The original Dead to Rights was an enjoyable game, despite its flaws. When the sequel was announced, the hope was that Namco would fix the problems from the first game, and release a polished game that took full advantage of the series' potential. Unfortunately, Dead to Rights II not only fails to improve on the original, it's far less enjoyable. The gameplay is stale, the visuals are bland, and the story is uninteresting.
DTR II again places you in the role of Jack Slate, a veteran cop with a no-nonsense attitude. You know he's got a no non-sense attitude because he will kill lots of bad guys and use dry one-liners. It's videogame cliché #4538 if you're looking it up. It seems that a judge has gotten a little to close to the heart of a crime syndicate, and got himself kidnapped. Since the judge is a friend of your father's, it's up to you to rescue him, and give the city coroner something to do along the way. It's supposed to be cheesy, and if the game were fun, it might hold up, but it just ends up being one more way the game disappoints.
Dead to Rights II's gameplay is all shooting and all action. You control Slate from a third-person view, clearing out room after room of un-intelligent bad guys. The levels are very simple, and after a short while get quite boring – a fact not helped by the constant backtracking you must do. Every time you die, you must do the entire level over again – there are no checkpoints along the way. Since some levels are very easy, only ramping up in difficulty towards the end, you must replay the entire easy part, only to get killed when it gets tough, over and over again. It's very frustrating, and makes the game grow tiresome quickly.
A large arsenal of weapons is available, including pistols, shotguns, machine guns, rocket launchers, and grenades. It really doesn't matter what weapon you have – most of the time picking up what's available and emptying the clip is what works best. The game doesn't reward you for saving your ammo, nor does it challenge you to figure out what gun works best in certain situations. Your trusty canine sidekick, Shadow, is back and can be used to attack enemies and retrieve ammunition. Unfortunately, he's unresponsive and often fails to appear when you need him or accomplish his task. Since he's unreliable, you'll probably end up never using him.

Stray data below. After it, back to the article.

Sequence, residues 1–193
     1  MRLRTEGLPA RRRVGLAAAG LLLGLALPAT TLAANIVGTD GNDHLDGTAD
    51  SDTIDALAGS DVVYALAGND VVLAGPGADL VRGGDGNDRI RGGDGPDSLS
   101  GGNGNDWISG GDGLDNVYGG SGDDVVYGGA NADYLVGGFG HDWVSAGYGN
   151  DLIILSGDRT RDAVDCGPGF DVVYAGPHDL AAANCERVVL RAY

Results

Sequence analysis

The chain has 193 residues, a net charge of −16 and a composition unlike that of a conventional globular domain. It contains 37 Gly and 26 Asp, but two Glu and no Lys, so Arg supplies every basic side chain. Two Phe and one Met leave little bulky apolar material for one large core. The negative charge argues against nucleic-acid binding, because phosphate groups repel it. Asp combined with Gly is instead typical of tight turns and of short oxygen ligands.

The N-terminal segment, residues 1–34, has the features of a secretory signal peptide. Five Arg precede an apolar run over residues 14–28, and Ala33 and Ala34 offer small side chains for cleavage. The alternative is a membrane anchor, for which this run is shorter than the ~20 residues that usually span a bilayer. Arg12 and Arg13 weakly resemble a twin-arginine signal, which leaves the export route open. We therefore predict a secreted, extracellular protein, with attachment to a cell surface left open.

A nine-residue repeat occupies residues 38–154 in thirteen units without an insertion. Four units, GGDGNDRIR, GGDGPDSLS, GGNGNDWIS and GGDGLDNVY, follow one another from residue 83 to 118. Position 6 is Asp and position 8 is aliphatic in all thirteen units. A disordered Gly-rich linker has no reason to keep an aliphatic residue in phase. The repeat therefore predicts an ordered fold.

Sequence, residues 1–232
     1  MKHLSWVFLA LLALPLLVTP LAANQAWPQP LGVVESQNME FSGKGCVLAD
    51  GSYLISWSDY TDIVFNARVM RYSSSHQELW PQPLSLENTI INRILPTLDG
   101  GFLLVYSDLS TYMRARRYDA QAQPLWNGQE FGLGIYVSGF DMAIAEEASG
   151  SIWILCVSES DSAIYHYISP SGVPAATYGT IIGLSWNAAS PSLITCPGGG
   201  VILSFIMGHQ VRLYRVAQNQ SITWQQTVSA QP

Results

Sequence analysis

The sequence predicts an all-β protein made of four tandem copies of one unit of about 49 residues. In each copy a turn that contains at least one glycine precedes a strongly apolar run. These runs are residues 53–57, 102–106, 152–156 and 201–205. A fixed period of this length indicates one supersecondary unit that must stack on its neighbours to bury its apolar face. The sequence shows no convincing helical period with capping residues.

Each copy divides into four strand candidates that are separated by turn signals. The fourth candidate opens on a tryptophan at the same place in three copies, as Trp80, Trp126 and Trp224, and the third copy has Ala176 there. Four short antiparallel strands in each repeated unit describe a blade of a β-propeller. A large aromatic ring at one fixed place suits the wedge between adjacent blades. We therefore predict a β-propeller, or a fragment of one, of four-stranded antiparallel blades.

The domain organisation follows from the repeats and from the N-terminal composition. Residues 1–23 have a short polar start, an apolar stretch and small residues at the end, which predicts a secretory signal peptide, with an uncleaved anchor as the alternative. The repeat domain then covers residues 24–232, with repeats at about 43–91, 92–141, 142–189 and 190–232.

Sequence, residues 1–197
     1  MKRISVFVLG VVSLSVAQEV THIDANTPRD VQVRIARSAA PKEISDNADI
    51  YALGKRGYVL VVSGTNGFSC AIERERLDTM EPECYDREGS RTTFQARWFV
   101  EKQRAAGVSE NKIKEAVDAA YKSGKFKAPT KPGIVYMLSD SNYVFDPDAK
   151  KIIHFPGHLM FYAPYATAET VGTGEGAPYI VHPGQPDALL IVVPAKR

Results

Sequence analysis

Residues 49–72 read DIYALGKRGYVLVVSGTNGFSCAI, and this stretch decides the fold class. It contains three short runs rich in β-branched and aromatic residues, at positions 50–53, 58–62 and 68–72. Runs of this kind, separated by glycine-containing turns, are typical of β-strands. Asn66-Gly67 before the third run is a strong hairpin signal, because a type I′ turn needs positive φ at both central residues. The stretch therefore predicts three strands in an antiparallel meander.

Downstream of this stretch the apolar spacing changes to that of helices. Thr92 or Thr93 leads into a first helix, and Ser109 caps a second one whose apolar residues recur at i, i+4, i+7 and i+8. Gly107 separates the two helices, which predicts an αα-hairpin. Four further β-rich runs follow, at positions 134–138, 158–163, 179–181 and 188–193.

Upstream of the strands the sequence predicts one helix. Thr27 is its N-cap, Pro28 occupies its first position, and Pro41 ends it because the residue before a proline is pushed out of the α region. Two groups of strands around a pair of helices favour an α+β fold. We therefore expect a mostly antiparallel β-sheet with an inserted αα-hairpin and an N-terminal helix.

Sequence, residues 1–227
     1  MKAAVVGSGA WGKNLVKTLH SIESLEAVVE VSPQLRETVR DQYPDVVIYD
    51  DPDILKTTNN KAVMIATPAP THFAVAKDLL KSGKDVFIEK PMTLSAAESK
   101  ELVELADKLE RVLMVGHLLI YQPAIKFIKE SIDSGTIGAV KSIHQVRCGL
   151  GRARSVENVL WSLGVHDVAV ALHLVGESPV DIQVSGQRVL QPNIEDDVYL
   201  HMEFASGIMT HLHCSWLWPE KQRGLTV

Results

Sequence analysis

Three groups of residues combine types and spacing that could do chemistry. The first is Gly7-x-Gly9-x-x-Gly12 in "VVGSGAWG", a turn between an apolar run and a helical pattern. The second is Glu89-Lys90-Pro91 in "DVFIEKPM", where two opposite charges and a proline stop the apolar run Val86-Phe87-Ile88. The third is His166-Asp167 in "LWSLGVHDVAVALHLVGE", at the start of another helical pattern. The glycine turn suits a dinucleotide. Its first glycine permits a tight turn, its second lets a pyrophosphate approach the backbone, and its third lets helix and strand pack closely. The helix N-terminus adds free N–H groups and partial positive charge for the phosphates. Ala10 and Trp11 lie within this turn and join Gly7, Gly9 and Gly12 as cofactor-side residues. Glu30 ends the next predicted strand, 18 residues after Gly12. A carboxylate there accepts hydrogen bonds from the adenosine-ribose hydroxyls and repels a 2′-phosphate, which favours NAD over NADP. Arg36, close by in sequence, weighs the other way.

Since multiple bad guys will fill the room at once, you basically pick one to start with, kill him, and then scroll to the next guy. Jack has a variety of ways to disarm and kill opponents, and he can also use them as a human shield; though you'll rarely need to get that creative. The played-out slow-motion bullet-time effect is included and allows you to quickly take out a roomful of enemies with ease.
DTR II uses the ever-popular combination of gritty urban areas and drab interiors. Throw in some neon, and you've got an uninspired, unoriginal looking game. The visuals aren't horrible, but they don't impress in any way. There are a fair amount of death animations for the bad guys, but there are only a few different character designs, so you end up seeing the same guys die several different ways. Many objects, like cars, barrels, and bottles can be destroyed, but it would have been nice to have more destructible objects.
The game's camera is lousy and must constantly be fought. Enemies will shoot from off-screen, and the camera's orientation often makes it tough to figure out where you are headed and where you came from.
If you're deaf, don't worry, you're not missing anything here. The music is uninspired, and the dialog is downright laughable. Characters scream out profanity for no apparent reason, and the cut-scenes…let's just say they aren't going to use these as an argument to increase the salaries of voice actors.
If you're into mindless shooting and action, Dead to Rights II might be a pleasant weekend diversion. However, if you're looking for a game that improves on the original, delivers an interesting story, varied gameplay, and is worth $50, you need to look elsewhere.